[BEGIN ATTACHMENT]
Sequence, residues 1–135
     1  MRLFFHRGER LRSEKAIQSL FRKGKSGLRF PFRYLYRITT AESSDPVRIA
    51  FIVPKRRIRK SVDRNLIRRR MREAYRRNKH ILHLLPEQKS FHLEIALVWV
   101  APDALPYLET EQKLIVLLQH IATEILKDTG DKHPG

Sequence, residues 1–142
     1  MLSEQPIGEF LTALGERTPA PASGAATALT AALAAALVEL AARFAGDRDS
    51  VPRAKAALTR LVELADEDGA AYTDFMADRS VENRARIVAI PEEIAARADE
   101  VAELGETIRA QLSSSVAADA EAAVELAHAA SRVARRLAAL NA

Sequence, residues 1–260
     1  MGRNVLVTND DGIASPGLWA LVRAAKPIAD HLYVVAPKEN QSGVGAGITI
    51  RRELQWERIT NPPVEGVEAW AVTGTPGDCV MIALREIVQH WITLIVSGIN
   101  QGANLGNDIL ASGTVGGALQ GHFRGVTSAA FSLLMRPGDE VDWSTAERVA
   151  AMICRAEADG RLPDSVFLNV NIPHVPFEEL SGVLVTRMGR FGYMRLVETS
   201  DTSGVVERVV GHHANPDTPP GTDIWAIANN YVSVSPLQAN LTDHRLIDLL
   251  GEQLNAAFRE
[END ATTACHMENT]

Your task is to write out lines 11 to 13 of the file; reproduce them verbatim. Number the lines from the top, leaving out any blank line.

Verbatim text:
    51  RRELQWERIT NPPVEGVEAW AVTGTPGDCV MIALREIVQH WITLIVSGIN
   101  QGANLGNDIL ASGTVGGALQ GHFRGVTSAA FSLLMRPGDE VDWSTAERVA
   151  AMICRAEADG RLPDSVFLNV NIPHVPFEEL SGVLVTRMGR FGYMRLVETS